Even as a growing number of analysts are questioning the details of Obamacare, the sudden hospitalization of Teresa Heinz Kerry, the wife of former senator and current U.S. Secretary of State John Kerry, provides additional fodder to the ongoing healthcare debate.
Heinz, who is 74 years old, is the heir to the Heinz ketchup fortune. She is the widow of former Senator John Heinz, who was killed in 1991 in an aviation accident. Her marriage to Kerry in 1995 occurred when he was the senator from Massachusetts. Heinz was hospitalized on Sunday and is reported to be in critical condition after being flown to Massachusetts General Hospital in Boston.
Heinz was treated for breast cancer in December 2009 and went through two operations for lumpectomies. It is not known what specific health issues resulted in the current hospitalization. However, sources indicated that there was concern over the return of the cancer.
Regardless of the source of the current illness, it is taken for granted that Heinz will receive the very best of medical care, with cost being of no concern to treatments pursued. In the earlier process of treating her cancer, numerous doctors at the nationâ€™s finest medical facilities were consulted. The issue of Heinz not having to worry about the costs of her care is the central theme of many who criticize our nationâ€™s health care system.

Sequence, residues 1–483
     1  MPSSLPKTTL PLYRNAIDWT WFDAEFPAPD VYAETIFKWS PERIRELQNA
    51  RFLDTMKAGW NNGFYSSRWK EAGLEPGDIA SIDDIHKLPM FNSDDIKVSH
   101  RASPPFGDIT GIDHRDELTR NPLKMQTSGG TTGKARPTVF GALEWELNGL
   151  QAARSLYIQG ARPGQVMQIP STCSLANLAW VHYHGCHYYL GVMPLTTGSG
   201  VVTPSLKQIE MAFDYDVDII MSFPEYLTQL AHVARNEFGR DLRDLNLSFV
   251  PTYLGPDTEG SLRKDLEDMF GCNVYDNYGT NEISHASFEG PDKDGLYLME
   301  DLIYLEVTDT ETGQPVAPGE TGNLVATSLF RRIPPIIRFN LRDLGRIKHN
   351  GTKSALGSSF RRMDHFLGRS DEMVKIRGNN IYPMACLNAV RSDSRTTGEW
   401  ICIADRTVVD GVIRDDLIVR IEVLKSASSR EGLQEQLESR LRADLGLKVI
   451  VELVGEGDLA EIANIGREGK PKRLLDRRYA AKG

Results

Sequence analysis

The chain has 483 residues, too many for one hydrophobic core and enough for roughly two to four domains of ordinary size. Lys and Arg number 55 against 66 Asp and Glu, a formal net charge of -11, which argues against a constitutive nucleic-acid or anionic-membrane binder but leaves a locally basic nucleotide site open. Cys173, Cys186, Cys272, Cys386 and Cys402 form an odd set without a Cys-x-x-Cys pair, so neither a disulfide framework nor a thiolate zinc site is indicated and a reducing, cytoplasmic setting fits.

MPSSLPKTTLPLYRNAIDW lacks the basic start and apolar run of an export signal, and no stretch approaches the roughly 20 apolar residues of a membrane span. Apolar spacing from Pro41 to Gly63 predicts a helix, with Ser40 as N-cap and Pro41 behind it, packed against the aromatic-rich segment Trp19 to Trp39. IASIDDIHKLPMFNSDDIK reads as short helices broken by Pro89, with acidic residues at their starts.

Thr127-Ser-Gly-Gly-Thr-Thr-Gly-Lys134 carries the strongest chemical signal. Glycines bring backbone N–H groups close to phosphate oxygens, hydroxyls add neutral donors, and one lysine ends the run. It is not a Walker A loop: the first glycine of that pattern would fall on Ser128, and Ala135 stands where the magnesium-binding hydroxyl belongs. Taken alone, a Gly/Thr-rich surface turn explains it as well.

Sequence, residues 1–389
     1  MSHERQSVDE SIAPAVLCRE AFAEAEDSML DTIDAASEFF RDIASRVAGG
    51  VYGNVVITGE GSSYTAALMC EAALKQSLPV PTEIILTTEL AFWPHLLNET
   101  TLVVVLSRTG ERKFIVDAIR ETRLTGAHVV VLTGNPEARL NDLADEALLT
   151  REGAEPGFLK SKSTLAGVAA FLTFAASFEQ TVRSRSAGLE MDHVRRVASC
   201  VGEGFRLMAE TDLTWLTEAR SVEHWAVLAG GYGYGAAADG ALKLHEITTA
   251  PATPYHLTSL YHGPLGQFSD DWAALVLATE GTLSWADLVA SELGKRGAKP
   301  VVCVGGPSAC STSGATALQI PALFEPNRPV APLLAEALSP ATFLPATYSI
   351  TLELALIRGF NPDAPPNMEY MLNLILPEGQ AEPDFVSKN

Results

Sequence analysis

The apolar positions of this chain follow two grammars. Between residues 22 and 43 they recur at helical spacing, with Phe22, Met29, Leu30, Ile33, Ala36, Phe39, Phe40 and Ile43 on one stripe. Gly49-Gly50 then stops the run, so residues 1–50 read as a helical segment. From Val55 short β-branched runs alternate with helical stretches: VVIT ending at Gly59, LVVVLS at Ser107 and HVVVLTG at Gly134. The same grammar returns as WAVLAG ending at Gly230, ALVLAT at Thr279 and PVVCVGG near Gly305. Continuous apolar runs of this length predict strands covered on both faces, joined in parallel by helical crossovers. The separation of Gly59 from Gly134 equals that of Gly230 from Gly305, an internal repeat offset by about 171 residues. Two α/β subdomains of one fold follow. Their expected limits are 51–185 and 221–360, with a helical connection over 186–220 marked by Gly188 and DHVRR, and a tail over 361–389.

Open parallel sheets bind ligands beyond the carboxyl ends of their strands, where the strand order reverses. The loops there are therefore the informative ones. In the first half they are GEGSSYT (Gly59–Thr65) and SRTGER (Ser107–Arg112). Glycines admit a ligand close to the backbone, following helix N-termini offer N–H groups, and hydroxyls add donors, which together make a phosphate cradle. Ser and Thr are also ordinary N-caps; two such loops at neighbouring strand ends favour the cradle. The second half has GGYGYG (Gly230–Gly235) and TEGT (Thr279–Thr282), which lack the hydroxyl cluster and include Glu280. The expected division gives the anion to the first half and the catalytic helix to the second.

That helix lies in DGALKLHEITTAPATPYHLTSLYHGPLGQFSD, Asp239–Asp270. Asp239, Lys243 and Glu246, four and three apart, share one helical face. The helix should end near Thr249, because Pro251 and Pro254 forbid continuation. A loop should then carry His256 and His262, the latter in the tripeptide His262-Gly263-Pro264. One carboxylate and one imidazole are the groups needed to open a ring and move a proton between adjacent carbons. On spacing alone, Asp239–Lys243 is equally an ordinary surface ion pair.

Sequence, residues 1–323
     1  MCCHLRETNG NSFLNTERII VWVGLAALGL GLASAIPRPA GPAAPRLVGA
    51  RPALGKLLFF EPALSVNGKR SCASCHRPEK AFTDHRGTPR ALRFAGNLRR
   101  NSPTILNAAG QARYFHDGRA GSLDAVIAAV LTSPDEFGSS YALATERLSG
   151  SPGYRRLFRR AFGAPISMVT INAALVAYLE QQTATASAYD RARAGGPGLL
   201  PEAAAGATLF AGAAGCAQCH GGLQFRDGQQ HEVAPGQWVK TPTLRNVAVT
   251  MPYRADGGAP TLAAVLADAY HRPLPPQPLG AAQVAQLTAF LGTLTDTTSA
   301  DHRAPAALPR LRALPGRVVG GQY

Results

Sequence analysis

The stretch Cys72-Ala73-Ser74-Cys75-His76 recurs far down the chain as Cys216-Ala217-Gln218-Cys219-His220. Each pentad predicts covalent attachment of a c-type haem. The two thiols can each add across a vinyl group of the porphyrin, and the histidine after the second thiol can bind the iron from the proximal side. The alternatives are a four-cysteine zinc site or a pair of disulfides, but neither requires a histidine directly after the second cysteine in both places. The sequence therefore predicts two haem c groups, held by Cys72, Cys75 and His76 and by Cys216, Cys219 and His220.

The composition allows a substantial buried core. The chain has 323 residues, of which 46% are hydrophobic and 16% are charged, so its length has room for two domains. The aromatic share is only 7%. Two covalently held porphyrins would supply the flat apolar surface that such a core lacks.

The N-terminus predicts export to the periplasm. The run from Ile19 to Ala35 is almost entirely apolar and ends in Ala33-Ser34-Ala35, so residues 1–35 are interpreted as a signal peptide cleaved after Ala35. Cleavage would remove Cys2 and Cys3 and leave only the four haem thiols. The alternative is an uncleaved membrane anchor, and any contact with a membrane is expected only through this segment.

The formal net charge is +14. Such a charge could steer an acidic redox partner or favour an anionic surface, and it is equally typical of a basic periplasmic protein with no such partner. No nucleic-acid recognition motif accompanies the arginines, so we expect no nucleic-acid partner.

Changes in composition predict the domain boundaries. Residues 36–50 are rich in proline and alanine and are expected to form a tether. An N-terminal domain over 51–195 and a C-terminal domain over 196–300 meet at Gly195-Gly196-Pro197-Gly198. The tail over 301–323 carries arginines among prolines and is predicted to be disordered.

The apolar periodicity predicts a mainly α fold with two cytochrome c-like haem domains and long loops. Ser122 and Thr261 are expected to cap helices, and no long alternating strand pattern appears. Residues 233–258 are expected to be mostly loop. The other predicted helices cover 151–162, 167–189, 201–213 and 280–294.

For the millions of Americans who live daily without health insurance or any form of coverage, there is a constant concern over how they would deal with a medical emergency. These individuals know that they are one accident or serious illness away from devastating financial hardship. In fact, the single biggest reason for bankruptcy in the U.S. today is medical bills. According to the latest studies, the average hospital stay billed out at $15, 700, with an average daily cost of nearly $4,000.
These costs are onerous because so many people today find health insurance increasingly unaffordable. While the political debate over the current healthcare reform continues, there is one simple fact. That reality is that the annual cost of private health insurance, already out of the reach of many, has risen by as much as 50 percent in the last two years. Many plans for a family of four are now over $15,000 and it is predicted that a bronze plan under the implemented Obamacare will exceed $20,000 for that same family.
All of this brings us back to the hospitalization of Heinz. The reality we live in today means that many people diagnosed with cancer or other similar diseases have little hope of receiving the treatment or care that the wealthy can afford. Even with quality health care insurance, the co-pays and other costs create burdens that many cannot carry.
There are no simple or ready solutions to this situation. The morality of one patient dying because chemotherapy is too expensive while one with a large bank account survives is an issue that will see intensified debate in the coming months and years. Regardless of what caused the current hospitalization, Heinz is one of the lucky ones who will have superb medical care without financial considerations.